It's rare for a company that is known for its engineering and design skills to turn down the opportunity to design and build a new automated facility, but sometimes it is the right decision.
Such is the case with Fortna's work with its client L.L.Bean. The Freeport, Maine-based outdoor products retailer was reaching the limits of its distribution capabilities a few years back. The company was operating two facilities at the time, both located in Freeport. One handled retail distribution, and the other filled e-commerce orders.
Being located in Maine means most products have to travel farther to reach customers nationwide. That requires efficient processes for picking and packing orders to make up for the additional transportation, time and cost. Concurrently, L.L.Bean was experiencing growth in both its e-commerce and store sales.
L.L.Bean felt the obvious solution would be to build an additional automated facility, possibly located somewhere other than Maine, to reach customers quickly and remain competitive in the online world. They asked Fortna to perform an assessment of their supply chain. The results were a bit shocking.
"Fortna proved to us that we had a lot more space and a lot more opportunity right here in our current building, without making a large investment in another facility," says Jack Samson, vice president of fulfillment, manufacturing, and logistics at L.L.Bean.
L.L.Bean simply needed to make some changes in systems and processes to fully utilize their internal capabilities. Transition planning began in 2016, and the project was completed in phases over the course of the next two and a half years, mostly during non-peak months.
Even so, good project management was essential, as fulfillment had to continue throughout the transition. "It was like running a marathon and having a heart transplant at the same time," quips Samson.
The key part of the transition was consolidating the retail fulfillment into the 1.2 million-square-foot e-commerce facility and then changing about 90 percent of the building's processes with new or revised software and automation to support both channels.
Fortna partnered with a number of leading solution providers on the project. Manhattan Associates upgraded the warehouse management system. The facility had a large tilt-tray sorter with 389 trays. However, the sorter only diverted to one side. Retooling the system allowed trays to tilt to both sides, doubling capacity.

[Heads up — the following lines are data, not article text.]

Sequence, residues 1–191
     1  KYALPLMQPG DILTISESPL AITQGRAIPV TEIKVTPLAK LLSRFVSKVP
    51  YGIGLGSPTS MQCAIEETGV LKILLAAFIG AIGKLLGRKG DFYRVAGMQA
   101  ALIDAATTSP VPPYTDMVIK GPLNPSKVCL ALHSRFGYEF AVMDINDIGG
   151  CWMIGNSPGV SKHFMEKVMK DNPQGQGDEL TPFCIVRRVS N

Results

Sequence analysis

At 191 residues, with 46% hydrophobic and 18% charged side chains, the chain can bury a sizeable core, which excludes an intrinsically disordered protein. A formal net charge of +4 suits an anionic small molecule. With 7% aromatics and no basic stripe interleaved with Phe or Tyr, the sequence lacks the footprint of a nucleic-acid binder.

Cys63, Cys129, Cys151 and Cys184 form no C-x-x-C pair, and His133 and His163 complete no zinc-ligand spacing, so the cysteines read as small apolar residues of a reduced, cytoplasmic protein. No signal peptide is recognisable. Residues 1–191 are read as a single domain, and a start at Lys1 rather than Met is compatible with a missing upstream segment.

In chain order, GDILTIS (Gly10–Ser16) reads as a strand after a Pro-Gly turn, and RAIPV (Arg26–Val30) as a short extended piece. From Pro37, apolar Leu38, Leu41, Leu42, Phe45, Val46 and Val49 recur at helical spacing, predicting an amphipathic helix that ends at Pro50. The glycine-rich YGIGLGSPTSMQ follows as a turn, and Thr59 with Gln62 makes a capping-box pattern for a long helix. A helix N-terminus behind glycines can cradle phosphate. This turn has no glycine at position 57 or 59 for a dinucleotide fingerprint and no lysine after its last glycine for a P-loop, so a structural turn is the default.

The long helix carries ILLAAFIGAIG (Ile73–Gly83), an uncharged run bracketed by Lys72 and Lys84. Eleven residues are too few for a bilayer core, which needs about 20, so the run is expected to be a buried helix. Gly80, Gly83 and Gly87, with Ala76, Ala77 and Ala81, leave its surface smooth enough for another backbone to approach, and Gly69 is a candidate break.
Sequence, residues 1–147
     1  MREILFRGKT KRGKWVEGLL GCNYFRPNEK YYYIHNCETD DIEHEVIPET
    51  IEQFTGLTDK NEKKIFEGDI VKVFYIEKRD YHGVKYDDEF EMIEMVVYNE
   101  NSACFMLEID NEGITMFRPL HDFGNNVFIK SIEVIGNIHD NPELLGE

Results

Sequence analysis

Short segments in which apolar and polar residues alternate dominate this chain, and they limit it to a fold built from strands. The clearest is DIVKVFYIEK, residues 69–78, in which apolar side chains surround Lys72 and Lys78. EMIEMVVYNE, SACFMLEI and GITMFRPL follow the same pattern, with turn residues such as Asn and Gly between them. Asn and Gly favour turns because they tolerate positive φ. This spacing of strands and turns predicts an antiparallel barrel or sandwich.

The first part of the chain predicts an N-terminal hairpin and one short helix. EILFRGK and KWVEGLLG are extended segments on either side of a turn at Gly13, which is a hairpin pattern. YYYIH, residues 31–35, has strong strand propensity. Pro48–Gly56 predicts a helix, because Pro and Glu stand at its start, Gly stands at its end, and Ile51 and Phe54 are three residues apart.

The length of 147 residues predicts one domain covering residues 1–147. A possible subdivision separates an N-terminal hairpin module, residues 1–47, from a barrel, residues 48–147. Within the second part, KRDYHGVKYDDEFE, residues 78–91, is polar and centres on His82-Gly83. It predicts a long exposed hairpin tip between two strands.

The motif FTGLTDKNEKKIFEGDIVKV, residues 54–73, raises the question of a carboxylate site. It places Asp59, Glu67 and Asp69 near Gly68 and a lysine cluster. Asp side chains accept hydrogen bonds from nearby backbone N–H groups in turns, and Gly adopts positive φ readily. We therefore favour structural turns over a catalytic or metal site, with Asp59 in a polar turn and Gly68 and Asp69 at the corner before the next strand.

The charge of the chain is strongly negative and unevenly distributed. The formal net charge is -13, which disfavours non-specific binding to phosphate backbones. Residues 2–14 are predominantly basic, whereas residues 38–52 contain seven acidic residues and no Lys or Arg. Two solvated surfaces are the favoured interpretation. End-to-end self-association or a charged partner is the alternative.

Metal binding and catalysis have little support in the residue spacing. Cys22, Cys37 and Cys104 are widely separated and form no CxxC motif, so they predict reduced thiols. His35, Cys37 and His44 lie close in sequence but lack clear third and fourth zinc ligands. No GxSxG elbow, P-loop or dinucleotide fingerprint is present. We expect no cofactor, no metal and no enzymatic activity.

Fortna helped L.L.Bean integrate the various systems, including conveyors, merges, and diverters. New pack stations were also added with put-walls to accumulate orders and allow for more efficient batch picking. And a three-story pick module, originally built in 2014, was further utilized to replace manual order selection from high-bay racking. By consolidating operations into a single facility, the total inventory was reduced and more easily managed. "It impacted our minimums as well as our safety stocks," notes Michelle Stash, director of engineering, PMO, quality, inventory control, and safety.
Batch-picking orders and efficiently packing them also reduced the reliance on temporary seasonal labor, which continues to be very difficult to find in an area with low unemployment. In most cases, orders can be out the door the same day, which helps L.L.Bean meet customer commitments and delivery expectations.
A GOOD FIT
Originally, L.L.Bean had projected that the transformation would allow the company to remain in the facility for five years. However, the process changes have been so effective that the building should support distribution for at least 10 years.
"I think one of the things that I liked most about working with Fortna was the ease of it. Culturally, they were a good fit for L.L.Bean," says Stash. "The results have been amazing. And we have lots of opportunity from here to continue to look at our systems, our equipment, and our processes to be even more productive and efficient to reduce our overall costs."
For information on Fortna, please visit fortna.com.